Friday, December 13, 2013
By Kevin Miller firstname.lastname@example.org
Washington Bureau Chief
WASHINGTON -- The chairman of the Republican National Committee easily won a second term Friday after the only declared challenger -- a party activist from Maine -- failed to garner enough support to qualify for the election.
Staff file photo by Joe Phelan
AP file photo
Reince Priebus of Wisconsin was re-elected by Republican party loyalists by a near-unanimous vote at the RNC's winter meeting in Charlotte, N.C. The Associated Press reported that only two of the RNC's 168 committee members did not vote to re-elect Priebus, and both were from Maine.
One of Maine's three committee members, Mark Willis, of Dennysville, has been waging a scrappy campaign in recent weeks to challenge Priebus at Friday's meeting. Willis represents the libertarian wing of the Republican party that backed Texas Congressman Ron Paul during the 2012 Republican primaries.
Willis needed the endorsement of most committee members in at least three states to qualify for the chairmanship election. He reportedly had won endorsements from Maine, Nevada and was working on a third, but by the Thursday night deadline, the Nevada delegation was backing Priebus after meeting with the chairman earlier this week, Politico reported.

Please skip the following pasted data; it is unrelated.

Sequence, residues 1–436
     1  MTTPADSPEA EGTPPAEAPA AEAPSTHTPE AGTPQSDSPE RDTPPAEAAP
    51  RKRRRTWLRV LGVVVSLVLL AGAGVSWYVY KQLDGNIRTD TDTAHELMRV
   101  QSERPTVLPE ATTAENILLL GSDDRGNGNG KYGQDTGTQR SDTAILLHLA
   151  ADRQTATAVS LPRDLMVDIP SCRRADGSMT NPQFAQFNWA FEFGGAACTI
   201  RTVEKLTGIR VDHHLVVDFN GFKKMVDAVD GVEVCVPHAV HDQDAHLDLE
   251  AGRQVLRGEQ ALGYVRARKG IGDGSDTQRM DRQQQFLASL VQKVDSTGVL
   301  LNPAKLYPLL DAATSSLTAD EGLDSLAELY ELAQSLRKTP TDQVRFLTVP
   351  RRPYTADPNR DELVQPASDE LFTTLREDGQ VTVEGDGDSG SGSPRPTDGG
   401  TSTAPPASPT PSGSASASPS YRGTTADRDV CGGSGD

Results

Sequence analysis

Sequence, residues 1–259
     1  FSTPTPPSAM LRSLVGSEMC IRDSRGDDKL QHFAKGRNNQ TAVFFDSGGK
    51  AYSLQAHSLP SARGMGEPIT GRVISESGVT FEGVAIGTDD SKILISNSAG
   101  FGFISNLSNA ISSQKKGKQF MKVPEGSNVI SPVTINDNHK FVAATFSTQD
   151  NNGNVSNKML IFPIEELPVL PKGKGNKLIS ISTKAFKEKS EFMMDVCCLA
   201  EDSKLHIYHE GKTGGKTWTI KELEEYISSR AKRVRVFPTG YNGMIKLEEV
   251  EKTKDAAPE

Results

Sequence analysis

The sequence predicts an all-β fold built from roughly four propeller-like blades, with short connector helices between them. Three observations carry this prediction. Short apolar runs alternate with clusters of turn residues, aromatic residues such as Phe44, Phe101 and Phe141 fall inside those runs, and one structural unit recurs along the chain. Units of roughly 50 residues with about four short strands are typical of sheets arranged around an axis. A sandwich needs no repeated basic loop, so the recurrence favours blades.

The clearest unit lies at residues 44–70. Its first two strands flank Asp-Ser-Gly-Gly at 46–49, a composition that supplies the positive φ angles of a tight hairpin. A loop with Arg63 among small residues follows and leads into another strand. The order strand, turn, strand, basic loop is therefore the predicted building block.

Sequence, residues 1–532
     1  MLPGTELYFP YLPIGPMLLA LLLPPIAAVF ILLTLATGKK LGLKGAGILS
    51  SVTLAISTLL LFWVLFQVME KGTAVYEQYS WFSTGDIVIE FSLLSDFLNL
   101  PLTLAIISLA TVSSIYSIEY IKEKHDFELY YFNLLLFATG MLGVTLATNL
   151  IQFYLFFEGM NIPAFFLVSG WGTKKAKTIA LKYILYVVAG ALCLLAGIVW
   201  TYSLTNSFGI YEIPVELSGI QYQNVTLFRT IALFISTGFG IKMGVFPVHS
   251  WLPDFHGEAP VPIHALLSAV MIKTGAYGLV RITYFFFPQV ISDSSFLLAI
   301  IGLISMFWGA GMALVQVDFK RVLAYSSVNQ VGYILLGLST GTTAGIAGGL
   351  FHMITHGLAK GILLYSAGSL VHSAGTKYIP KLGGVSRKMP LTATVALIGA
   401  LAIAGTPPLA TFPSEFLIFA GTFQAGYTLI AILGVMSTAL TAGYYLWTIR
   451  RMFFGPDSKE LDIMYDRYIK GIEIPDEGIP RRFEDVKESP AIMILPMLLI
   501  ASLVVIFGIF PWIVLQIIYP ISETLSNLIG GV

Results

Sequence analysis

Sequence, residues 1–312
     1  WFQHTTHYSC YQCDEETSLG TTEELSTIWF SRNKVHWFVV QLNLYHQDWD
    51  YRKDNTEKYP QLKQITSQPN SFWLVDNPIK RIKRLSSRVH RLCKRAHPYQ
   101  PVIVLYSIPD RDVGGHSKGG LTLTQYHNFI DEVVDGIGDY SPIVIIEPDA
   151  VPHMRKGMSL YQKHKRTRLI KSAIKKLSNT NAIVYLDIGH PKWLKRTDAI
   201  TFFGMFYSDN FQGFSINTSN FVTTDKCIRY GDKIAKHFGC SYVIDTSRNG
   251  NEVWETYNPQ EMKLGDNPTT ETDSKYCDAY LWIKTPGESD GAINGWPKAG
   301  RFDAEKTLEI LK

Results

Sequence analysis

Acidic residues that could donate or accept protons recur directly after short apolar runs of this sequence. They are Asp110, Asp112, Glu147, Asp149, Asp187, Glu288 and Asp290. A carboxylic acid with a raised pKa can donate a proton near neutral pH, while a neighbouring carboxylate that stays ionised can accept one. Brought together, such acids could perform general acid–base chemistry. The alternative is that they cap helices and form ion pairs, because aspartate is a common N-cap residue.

"There were certainly some promises exchanged," Nevada committeeman James Smack, a Paul supporter, told Politico. "We're not talking about money. We're talking about promises, though, that he's going to work on getting some doors open for us that have been closed by whatever means -- whether that be through some of the casino owners or what have you."
Willis could not be reached for comment Friday afternoon.
Willis' longshot candidacy and his failure to get on the ballot underscore the challenge facing the small but vocal ranks of libertarians within the Republican party. He gained credibility within those ranks last summer when he and other pro-Paul delegates from Maine fought unsuccessfully to keep their seats at the Republican National Convention in Tampa.
By securing a nomination at Friday's RNC meeting, Willis could have forced a public debate with Priebus about the party's huge losses in November and the treatment of Paul and his supporters.
However, most RNC members were content to avoid airing an internal debate as the party tries to regroup after November. All of the candidates for party leadership positions ran unopposed.
Following his re-election, Priebus told the gathering that the party needs a "permanent, national field infrastructure" based in communities throughout the country with the latest digital tools -- a reference to the massive, high-tech operation that propelled President Barack Obama to victory in 2008 and 2012. Priebus said the party must also change and grow to survive.
"We have to find more supporters. We have to go places we haven't been, and we have to invite new people to join us," Priebus said.
Kevin Miller -- 317-6256